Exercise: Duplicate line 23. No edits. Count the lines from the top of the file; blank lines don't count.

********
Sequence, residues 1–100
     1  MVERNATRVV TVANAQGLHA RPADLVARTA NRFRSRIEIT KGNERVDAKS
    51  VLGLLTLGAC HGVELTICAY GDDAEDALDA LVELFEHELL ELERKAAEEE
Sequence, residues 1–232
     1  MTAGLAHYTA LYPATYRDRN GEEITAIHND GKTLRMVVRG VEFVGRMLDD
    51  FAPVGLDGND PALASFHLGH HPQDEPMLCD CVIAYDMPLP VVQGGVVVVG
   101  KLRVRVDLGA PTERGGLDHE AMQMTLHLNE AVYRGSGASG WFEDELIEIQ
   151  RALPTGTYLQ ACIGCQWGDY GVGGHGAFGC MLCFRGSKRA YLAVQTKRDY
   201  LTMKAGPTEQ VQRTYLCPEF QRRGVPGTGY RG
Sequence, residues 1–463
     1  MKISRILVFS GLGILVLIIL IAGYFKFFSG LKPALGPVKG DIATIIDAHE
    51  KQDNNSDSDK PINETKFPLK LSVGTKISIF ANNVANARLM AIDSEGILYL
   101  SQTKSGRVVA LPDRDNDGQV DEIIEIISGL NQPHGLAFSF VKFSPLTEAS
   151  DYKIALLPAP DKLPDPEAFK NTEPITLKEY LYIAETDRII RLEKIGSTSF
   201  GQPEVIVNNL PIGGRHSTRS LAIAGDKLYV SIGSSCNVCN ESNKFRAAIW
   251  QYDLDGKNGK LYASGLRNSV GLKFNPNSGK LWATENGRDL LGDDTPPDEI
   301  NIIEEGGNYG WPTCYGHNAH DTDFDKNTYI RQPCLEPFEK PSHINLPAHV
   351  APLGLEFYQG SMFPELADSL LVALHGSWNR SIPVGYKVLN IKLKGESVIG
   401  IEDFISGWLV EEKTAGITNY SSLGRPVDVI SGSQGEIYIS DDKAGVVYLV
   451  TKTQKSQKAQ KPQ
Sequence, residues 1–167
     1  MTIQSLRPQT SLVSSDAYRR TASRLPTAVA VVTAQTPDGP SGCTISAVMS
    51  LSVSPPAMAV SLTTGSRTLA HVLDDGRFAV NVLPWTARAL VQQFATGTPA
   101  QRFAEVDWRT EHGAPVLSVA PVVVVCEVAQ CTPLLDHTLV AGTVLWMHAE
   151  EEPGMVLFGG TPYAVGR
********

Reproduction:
    51  LSVSPPAMAV SLTTGSRTLA HVLDDGRFAV NVLPWTARAL VQQFATGTPA